Sunday, November 3, 2013

What are our intuitions about temperature?

I'm teaching exponential functions and logarithms in pre-calc right now. That means it's time to pull out my murder mystery, in which they will use logarithms to solve an important problem - which of their classmates killed John Doe? Since the murder mystery uses temperature to find the killer, I want to lead in with some thinking about how temperature changes over time.

On Wednesday and Thursday, I told my classes a story, and asked them to draw a graph. I said I was mixing some cake batter up to make a Halloween cake. I asked what temperature it should cook at. We decided to set our oven at 350 degrees. (In one class, I talked about how silly the Fahrenheit temperature scale is, but how, even with Centigrade, zero is just attached to water freezing. It's not the same as zero length, volume, or weight. Temperature is different...)

I also asked what temperature the batter was now. They told me room temperature, and we decided that was about 70 degrees. Then I drew axes on the board, labelled them, and asked the students to graph the temperature of the batter over time. Only one person (out of over 50 in the two classes) came close to the right shape. No one seems to have much intuition about how temperature changes. I did this once before, with the cooling coffee we always think about, and got slightly better results.

Here are my approximations of what students thought:

The green one may have been influenced by our attention in the past week to exponential growth, while the purple one seems to have taken the exponential growth we were studying and limited it by the temperature of the oven. I have often seen students give a linear graph like the blue one, and a logistic-like graph like the orange one. No one wants stuff to heat up fast at first, and then slower.

What makes their intuition bad here? Is there a physical experiment / demonstration we could do to improve their intuition? What would make exponential decay feel like the natural choice to them? Maybe cake is the wrong object to be heating?

Please help me think about this.

6 comments:

1. Sue,
As a physics teacher, I think the phenomena of heat and temperature qualify as things that students are deeply familiar with but don't understand. They confuse the two quantities, and we have to work really hard to establish ideas like the idea that heat transfer requires a temperature difference between two objects, or that the rate of heat transfer depends on the temperature difference between the two objects. Pretty much the only thing that convinces them is actual experimentation. We do things like heat up water with a hot plate or immersion heater and see how the rate of temperature increase gradually decreases as the water warms up.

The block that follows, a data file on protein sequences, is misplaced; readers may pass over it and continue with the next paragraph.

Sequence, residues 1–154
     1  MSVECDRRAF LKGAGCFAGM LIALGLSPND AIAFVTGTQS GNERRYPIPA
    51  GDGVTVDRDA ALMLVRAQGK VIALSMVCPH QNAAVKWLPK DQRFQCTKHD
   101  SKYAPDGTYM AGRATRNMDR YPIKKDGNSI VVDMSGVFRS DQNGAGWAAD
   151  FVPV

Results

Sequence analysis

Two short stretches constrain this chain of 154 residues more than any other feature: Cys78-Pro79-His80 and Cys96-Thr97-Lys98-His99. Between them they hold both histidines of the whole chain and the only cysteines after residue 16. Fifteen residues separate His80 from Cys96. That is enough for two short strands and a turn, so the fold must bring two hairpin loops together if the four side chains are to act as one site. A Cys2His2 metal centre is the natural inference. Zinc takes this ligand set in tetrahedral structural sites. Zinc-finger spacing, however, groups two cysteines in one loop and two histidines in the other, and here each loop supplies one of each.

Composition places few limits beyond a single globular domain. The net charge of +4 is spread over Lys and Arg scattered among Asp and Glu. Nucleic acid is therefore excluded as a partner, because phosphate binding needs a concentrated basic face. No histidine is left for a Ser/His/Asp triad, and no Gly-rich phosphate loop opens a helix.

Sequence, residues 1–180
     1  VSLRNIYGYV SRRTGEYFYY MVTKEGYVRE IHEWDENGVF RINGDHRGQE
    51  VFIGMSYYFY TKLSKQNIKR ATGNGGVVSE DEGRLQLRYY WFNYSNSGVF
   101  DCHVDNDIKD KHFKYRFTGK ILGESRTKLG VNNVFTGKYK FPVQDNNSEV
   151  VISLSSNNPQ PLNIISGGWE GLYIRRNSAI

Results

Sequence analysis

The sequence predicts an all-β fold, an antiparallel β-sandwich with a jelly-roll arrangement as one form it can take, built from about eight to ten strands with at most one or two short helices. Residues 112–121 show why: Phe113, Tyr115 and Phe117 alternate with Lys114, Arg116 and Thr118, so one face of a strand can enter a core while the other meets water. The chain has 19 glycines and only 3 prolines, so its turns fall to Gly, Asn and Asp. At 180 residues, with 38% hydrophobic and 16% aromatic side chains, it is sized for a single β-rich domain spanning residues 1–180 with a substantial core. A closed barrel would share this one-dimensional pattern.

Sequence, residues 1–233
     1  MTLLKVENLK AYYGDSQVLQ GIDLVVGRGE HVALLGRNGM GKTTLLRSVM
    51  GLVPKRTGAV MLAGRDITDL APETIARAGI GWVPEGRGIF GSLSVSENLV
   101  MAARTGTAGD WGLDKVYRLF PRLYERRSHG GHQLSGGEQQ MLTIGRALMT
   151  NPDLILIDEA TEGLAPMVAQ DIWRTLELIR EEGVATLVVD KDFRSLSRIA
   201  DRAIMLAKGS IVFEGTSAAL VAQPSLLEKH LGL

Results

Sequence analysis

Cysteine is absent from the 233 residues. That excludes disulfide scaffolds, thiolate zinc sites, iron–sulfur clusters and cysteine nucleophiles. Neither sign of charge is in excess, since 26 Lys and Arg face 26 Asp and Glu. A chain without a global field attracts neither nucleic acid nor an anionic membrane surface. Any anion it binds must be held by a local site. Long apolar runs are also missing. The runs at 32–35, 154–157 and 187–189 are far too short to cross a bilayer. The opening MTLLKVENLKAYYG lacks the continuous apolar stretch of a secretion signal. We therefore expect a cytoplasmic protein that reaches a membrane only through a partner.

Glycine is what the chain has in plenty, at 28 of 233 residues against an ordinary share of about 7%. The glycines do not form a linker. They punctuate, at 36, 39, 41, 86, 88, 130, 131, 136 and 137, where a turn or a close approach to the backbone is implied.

Might it be worth it to actually do some of these experiments in your class? If your science department has any sort of data logging equipment (vernier labquests or pasco temperature probes) it should be possible to set up a quick and simple experiment to help students see which of those potential curves is correct.

2. I ask for volunteers to measure the temperature of water cooling off after it's been boiled. No one volunteered, but I have data from a previous semester. I'll give them the data. (I think they might be more likely to intuit a good graph for cooling than for heating.)

3. I think that with food, the "amount of cookedness" maybe actually does go more like the logistic curve. That is, at first it is cold so it cooks slowly, then it gets hot so it cooks quickly, and then it's done so it's not cooking any more? At least that would explain the first part well, cookedness being like the integral of temperature perhaps, though maybe at the end it is still getting more cooked. But it does seem to take a long time to get that last center bit to finish, so if I ignore the way the outside is getting overcooked, maybe the logistic curve is just about perfect.

4. I know that my naive assumption was that heat would transfer through the object more quickly as the heat "penetrated" the cake. Even though I have a sense from math that the rate of transfer depends on the heat difference, I had some thought that we were talking about the center of the cake and that at first it would be the same temperature, then once the molecules around it heated up it would heat very quickly til it leveled off and was the same temperature as its buddies.

I wonder if part of the trickiness is thinking about the wrong parts of the cake? Like the center of the cake will start to cook later because it's not very different of a temperature from the cake around it. The outer cake will cook quickly and then slow as it becomes the same temperature as the oven air -- meanwhile passing its heat to its cooler inner friends.

When we cook cake, we're very focused on the center, in large part because we stick the tester in there to make sure it's not gloopy. I wonder if (thin-crust!) pizza, which is almost all in contact with heat at all times, will elicit different models?

5. Thank you both! Josh, I told X that you liked her model - and called it cookedness. Max, I'll try pizza next time, to see if that helps.

6. Hmm, I thought I had written a comment, but I don't remember doing the captcha, so it's possible I clicked to submit and neglected to verify my humanness...

I think one example of exponential decay could be water draining out of a fixed hole in the bottom of a container. IIRC, flow ∝ pressure ∝ height ∝ remaining volume (assuming constant horizontal cross-section), and since dV/dt ∝ V, the solution should be exponential in time.